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Ouseph Thomman Vs. Devasia Ouseph and anr. - Court Judgment

LegalCrystal Citation
SubjectCivil
CourtKerala High Court
Decided On
Case NumberSecond Appeal No. 1301 of 1961
Judge
Reported inAIR1967Ker48
ActsCode of Civil Procedure (CPC) , 1908 - Sections 47
AppellantOuseph Thomman
RespondentDevasia Ouseph and anr.
Appellant Advocate Joseph Augustine,; M.C. Mathew and; V.J. Joseph, Adv
Respondent Advocate M.M. Thomas, Adv.
DispositionAppeal dismissed
Cases ReferredIn Mammad v. Abdul Salam
Excerpt:
- .....so on the footing, that the debt under the decree is a debt as defined by the travancore-cochin indebted agriculturists relief act, 1956, act 3 of 1956, and the kerala agriculturists debt relief act- 1958, act 31 of 1958. we shall decide the point raised on the same footing, but shall leave it to the execution court in decide, whether the respondents are agriculturists and the debt is a debt as defined in the two acts.2. section 3 of act 3 of 1956 placed an embargo on the making of an application for the execution of decree, for a period of six months from the commencement of that act. the appellant had a right to execute the decree within a period of three years and six months of the date of the decree, that is, till the 16th january, 1968. under that act, the first instalment of the.....
Judgment:

Velu Pillal, J.

1. This second appeal which has been referred to a division bench raises the question whether petition dated the 29th September, 1959, for the execution of a decree dated the 16th July 1954, is barred by limitation or not. The two Courts below have held that it is barred. They have done so on the footing, that the debt under the decree is a debt as defined by the Travancore-Cochin Indebted Agriculturists Relief Act, 1956, Act 3 of 1956, and the Kerala Agriculturists Debt Relief Act- 1958, Act 31 of 1958. We shall decide the point raised on the same footing, but shall leave it to the execution Court in decide, whether the respondents are agriculturists and the debt is a debt as defined in the two Acts.

2. Section 3 of Act 3 of 1956 placed an embargo on the making of an application for the execution of decree, for a period of six months from the commencement of that Act. The appellant had a right to execute the decree within a period of three years and six months of the date of the decree, that is, till the 16th January, 1968. Under that Act, the first instalment of the debt was payable on or before the 28th February, 1957, and the second on or before the 31st August, 1957. Section 4 (2) of that Act was as follows:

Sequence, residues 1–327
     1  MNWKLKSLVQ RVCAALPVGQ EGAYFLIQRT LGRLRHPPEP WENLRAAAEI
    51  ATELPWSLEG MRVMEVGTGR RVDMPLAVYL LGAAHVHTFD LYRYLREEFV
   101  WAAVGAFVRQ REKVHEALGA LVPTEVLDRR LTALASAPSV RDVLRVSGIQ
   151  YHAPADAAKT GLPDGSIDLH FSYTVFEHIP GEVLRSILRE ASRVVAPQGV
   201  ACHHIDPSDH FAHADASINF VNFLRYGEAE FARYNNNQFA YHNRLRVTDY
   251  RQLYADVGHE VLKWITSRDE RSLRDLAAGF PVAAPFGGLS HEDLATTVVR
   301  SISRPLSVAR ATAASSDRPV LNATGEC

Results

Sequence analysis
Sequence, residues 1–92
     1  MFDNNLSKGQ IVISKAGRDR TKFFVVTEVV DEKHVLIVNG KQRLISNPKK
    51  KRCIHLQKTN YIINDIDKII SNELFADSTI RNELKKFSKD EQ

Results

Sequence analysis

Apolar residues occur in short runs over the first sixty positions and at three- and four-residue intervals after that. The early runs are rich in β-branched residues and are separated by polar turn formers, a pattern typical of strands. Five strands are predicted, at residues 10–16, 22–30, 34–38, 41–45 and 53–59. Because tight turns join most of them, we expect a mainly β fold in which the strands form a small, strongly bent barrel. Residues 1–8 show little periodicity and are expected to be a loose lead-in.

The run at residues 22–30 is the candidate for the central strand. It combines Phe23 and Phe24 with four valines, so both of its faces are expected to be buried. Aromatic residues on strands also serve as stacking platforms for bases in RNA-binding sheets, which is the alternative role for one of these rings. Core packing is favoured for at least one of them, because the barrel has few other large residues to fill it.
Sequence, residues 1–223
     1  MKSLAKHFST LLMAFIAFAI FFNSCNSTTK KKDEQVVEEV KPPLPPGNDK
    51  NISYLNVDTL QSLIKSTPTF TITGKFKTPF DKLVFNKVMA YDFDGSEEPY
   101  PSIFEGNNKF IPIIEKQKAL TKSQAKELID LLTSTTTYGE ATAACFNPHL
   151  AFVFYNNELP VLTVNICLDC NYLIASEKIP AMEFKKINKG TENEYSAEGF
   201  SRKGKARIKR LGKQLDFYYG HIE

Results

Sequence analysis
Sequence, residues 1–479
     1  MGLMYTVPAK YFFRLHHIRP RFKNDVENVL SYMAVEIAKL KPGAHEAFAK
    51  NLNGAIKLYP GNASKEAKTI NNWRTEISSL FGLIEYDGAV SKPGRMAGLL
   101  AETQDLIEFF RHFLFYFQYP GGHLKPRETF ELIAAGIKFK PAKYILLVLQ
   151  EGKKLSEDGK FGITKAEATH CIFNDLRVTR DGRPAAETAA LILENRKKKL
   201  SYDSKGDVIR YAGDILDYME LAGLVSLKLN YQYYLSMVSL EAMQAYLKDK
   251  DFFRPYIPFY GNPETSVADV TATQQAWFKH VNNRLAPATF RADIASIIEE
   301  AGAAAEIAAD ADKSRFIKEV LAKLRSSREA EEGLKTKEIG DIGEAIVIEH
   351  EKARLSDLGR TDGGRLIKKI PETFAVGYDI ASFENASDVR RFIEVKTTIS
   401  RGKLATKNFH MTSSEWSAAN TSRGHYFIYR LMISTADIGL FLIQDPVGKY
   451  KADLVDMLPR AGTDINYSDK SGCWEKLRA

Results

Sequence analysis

'Where in respect of a decree for debt passed before the commencement of this Act, a debtor falls to make any one of the payments specified in Sub-section (1) and Section 8, the decree-holder shall be entitled to execute thedecree in respect of the instalment which is in arrear.'

On the terms of this Section there is no doubt, that the right of a decree-holder is to execute the decree in respect of the instalment, if any, which is in arrear. This is so even when a judgment-debtor makes no payment whatever under the Act and is in default even in respect of the first instalment. There is nothing in Section 6 and Section 10 of the Act which were relied on, which militates against this view. Decided cases support this view under both the Acts, in which the corresponding provisions are similar. In Nabisa Ummal v. Cherian, 1959 Ker LT 1352, a division bench held that under Section 4 (2) of Act 3 of 1956, the decree-holder could have executed the decree only in respect of the defaulted instalments and not the whole amount of the decree, if the judgment-debtor is otherwise entitled to relief under the Act. Similar observations under Ad 31 of 1958 are to be found in Valayudhan v. Gokulan, 1964 Ker LT 600, also decided by a bench. In Mammad v. Abdul Salam, 1963 Ker LT 283, one of us held, that by the force of Act 31 of 1958, a decree for the realisation of money became transformed into a decree for money payable in instalments and that the right to execute the decree under the Act arose on the dates of the concerned instalment: in other words, time started running from such dates

3. If as slated, the appellant had the right to execute the decree till the 16th January, 1958, upon the default in payment of the first and second instalments on the dates aforesaid, the appellant acquired a fresh right to execute the decree on those dates. When Act 31 of 1958 came into force on the 14th July, 1958, the right to execute the decree had not become barred. Under Act 31 of 1958, the dales of the first and second instalments were respectively the 14th January and the 14th July, 1959. The petition for execution was only in respect of the first two instalments. It follows from the above, that the petition was not barred by limitation, in case Act 3 of 1956 and Act 31 of 1958 are applicable.

4. When the petition was filed for execution of the decree, notice was ordered only on the question of limitation but the respondents did not appear. This appeal preferred by the appellant was contested by the respondents, who also denied that they were agriculturists as defined, The Court overruled this contention although it dismissed the appeal. We consider that the issue as to whether the respondents are agriculturists and whether the debt came within the purview of Act 3 of 1956 and Act 31 of 1958, has not been tried by the execution Court. In the circumstances we direct the execution Court to consider and decide whether the provisions of Act 3 of 1956 and Act 31 of 1958 are applicable to the respondents and to the debt in question.

5. For the foregoing reasons, the orders of the two Courts below are set aside and this appeal is allowed with costs in this Court; thecase will go back to the execution Court for disposal in the light of the observations made above.


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